When the days all over the world were equally balanced between light and dark, we celebrated a new honored day, the first International Day of Happiness. Though it caught many of us by surprise, it was declared by the United Nations last June for March 20th every year to draw all of our attention to happiness as a “fundamental human goal” and a purpose of economic development.
While discussing the Day of Happiness, Walter said that there are “a thousand and one reasons” why the people of Cuzco are happy.
“To begin, we are happy to live in this beautiful land. Despite it being chilly, the people are warm, pleasing, and friendly. Furthermore we live in the Empire of the Sun, the capital of Tawantinsuyo. We are happy to be a great culture and for out diversity of customs and traditions, as well as a varied cuisine.
We are happy because people from all over the world come to visit us.
It is a privilege to have been born here because we are always having a fiesta. We celebrate each day as if it were our last. We are happy to be part of this ancient culture filled with mysteries. Despite everything we are a united culture. Our traditions bring us together. And there s a strong connection between people and families. We still practice the values our ancestors left us such as ayni, that is helping each other, and living in reciprocity.
Finally, we are happy to live in this land that has seen us grow up.
” Happiness, though a delightful feeling, can be a nebulous goal. In fact it is usually far easier to see the clouds in the sky than to know how to generate happiness. There is no machine into which we put the raw materials of life on one end an on the other we pull out happiness, so we can lift a carton or two from the shelf, take it home, and bathe ourselves in it. Nevertheless, Walter hits some key themes I think.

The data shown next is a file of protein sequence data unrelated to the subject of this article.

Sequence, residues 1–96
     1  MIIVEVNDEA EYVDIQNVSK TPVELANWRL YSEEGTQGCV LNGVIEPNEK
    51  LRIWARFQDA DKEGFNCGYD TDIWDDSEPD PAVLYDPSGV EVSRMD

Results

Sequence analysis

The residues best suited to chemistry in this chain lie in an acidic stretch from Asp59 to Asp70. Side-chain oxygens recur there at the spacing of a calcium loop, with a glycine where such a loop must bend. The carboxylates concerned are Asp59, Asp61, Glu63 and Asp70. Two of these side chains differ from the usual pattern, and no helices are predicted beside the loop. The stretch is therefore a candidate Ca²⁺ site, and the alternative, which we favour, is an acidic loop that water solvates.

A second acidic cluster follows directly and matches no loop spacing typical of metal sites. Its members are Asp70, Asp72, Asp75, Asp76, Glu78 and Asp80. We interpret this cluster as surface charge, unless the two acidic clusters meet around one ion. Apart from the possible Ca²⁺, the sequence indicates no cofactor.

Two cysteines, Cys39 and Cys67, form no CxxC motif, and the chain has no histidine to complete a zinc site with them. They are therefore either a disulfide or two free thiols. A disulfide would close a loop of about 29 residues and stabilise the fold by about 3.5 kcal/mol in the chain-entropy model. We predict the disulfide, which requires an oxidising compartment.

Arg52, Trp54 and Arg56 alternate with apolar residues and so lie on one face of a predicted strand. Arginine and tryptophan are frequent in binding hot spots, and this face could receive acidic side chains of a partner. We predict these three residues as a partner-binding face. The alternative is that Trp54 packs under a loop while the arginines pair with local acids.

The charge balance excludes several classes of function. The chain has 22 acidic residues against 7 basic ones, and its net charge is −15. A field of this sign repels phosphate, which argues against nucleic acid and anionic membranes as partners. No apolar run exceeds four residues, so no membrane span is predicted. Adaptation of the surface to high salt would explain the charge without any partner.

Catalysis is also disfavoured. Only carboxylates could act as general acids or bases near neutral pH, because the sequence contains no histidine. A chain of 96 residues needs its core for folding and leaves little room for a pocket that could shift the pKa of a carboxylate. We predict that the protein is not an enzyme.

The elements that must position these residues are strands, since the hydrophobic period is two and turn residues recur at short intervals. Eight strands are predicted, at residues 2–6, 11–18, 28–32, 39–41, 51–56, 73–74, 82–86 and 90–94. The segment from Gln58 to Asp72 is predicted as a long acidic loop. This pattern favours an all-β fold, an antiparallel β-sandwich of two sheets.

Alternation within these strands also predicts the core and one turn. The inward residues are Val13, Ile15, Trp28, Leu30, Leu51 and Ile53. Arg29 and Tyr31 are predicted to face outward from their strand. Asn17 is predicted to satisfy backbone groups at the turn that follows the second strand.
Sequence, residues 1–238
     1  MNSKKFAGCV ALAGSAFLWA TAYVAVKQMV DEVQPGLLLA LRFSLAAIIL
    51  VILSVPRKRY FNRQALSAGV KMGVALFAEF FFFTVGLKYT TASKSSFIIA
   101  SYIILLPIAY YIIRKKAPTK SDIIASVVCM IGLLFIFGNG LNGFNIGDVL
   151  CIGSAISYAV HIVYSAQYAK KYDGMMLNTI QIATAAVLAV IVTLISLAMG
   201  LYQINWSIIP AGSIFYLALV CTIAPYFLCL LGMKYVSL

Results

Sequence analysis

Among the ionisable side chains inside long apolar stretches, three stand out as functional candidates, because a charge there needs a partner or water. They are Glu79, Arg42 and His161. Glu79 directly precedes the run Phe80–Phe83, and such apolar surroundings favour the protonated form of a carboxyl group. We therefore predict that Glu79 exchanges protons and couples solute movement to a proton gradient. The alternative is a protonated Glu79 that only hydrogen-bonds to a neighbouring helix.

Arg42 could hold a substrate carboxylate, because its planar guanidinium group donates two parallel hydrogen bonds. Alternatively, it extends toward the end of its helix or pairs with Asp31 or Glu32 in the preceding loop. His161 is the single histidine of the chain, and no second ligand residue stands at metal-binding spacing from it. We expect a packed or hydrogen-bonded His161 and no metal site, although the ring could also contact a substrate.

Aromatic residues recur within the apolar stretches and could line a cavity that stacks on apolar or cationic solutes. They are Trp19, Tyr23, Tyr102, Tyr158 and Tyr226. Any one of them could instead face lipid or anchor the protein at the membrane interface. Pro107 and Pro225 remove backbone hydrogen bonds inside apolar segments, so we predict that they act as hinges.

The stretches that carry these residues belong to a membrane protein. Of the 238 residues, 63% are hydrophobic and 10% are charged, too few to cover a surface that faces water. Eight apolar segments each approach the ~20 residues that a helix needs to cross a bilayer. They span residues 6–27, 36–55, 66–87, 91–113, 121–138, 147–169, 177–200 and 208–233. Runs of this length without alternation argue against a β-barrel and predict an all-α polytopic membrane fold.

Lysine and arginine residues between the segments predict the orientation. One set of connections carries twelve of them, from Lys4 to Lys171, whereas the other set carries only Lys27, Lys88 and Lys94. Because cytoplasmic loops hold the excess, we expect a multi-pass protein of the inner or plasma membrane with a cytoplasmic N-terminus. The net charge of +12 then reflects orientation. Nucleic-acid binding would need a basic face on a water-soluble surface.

He is right to recognize the power of his culture with its strong sense of itself, its past and its present. This is increasingly difficult in a globalized market for goods and culture which isolates people ever more one from another. Yet in Cuzco, despite problems found everywhere, there is a strong sense of identity and value, as well as tradition and norms.
One of its key norms is reciprocity, sharing with each other, helping each other, and being there for each other. This is formally celebrated in Cuzco’s many feasts, especially when there is a sponsor who must jurqar, that is oblige, each of his aynis, is partners in the social adventure of life, to contribute money and goods to the success of the feast as a collective end. Not only does it celebrate the group and make it visible, it also recognizes and strengthens the ties that bind people.
As a result, Walter is correct in valuing strong institutions such as friendship and family. These are still at the base of Cuzco’s life, even if they are not done in the same way they are in other countries. And, they contribute to the creation and functioning of all the region’s other institutions, such as churches, schools, businesses, and government.
But there is one other thing.
Life can be very difficult, as everyone in Cuzco knows. They suffer its afflictions like people everywhere. People grow ill and die. There are betrayals and anguish. Businesses fail. Sometimes people are hungry.
However, when people meet one another in Cuzco and especially when they come together, whether for coffee, dinner, or a celebration, they value showing happiness and joy. They live in a world where actions have an impact on others and the self, where they can create realities. To manifest a smile, a gleam in the eyes, laughter, a playful word, to dance and sing, to eat with gusto, to give each other hugs, and touch are actions meant to auger joy and happiness for others and for the self.
The people of Cuzco do have a kind of machine to create happiness, only it is not made by any industry. They have their trials and difficulties, but they have each other, good institutions, a solid and enduring culture, value in place, and an ideal of trying to make each other and themselves happy in fiestas and in ordinary, daily being together and sharing.
This is sumaq kausay, the good life.